Drew Harris says use of hoods by police 'not correct'
The use of hoods by police officers at a protest in Dublin was "not correct", the head of the Irish police has said.
A number of political parties had raised concern over the use of "balaclavas" by officers attending the removal of protesters from a property.
Garda Commissioner Drew Harris said the use of a "fire retardant hood" by officers at the incident was a matter for the operational commander.
However, he added, the "form of dress used at the event was not correct".
He said "it is policy that if deemed necessary to use the hood then it should be used in tandem with a protective helmet".
Mr Harris added that officers at the protest "showed restraint in the face of physical and verbal abuse from a very small minority" and that one officer suffered racist abuse.
Take Back the City protest
Five people, four men and a women, were arrested for public order offences after being evicted from the property on North Frederick Street on Tuesday.
Two were subsequently charged with public order offences, two were given cautions and, in the case of the final person, a file will be sent to the director of public prosecutions.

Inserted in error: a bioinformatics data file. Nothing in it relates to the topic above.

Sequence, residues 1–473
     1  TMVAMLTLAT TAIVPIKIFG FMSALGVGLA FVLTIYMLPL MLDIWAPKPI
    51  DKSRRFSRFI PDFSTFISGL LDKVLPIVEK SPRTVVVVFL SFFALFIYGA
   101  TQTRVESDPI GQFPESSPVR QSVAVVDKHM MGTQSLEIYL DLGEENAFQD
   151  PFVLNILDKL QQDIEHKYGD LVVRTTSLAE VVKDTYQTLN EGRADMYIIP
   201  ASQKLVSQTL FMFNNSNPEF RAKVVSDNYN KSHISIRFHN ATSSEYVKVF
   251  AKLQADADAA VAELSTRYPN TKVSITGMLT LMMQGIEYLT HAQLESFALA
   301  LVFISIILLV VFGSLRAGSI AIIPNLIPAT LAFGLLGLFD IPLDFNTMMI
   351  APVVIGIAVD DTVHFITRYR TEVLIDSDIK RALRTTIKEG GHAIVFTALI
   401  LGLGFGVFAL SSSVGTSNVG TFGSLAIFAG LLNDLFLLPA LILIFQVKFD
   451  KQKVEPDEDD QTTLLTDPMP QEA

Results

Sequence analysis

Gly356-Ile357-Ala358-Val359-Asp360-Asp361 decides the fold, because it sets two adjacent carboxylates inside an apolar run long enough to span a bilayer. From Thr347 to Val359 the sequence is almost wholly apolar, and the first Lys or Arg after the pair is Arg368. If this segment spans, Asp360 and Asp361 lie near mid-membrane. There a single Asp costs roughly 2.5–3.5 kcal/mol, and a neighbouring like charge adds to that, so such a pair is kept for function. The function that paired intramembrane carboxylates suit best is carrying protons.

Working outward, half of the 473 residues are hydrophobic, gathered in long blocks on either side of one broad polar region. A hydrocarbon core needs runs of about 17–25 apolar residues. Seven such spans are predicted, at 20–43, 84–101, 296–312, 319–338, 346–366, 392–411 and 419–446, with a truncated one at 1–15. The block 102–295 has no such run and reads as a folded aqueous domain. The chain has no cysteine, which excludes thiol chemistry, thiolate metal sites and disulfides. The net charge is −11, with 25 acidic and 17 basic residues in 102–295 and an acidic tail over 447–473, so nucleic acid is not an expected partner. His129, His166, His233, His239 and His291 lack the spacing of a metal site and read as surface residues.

The property was being occupied by members of the Take Back the City protest group.
The property's owner secured a High Court injunction two weeks ago to order the protesters to leave the building but they refused.
The men who evicted the protesters, including private security, community gardaí (Irish police) and officers from the force's public order unit, had their faces covered.
Mr Harris, who was sworn in as commissioner earlier in September, said the force deployed "three community policing officers to oversee the safe compliance of a High Court order".
"As the atmosphere at the event grew more tense, a small number of public order officers were deployed to ensure public safety."
He said a directive has since been issued to officers that they must wear a helmet along with a hood.
Mr Harris added: "Members of An Garda Síochána showed restraint in the face of physical and verbal abuse from a very small minority and I condemn the racist abuse suffered by an individual member of An Garda Síochána working at the event.
"The people who had occupied the building left the building peacefully in accordance with the High Court order."
"Subsequent to this, a small crowd failed to leave the area despite repeated warnings from An Garda Síochána under the Public Order Act and five people were arrested."
Parties, including Sinn Féin, the Social Democrats, the Workers' Party and Solidarity-People Before Profit, had raised concerns over the actions of officers during the protest.
On Wednesday night, up to 1,000 Take Back the City protesters blocked a junction at O'Connell Street in Dublin city centre over the police's actions on Tuesday night.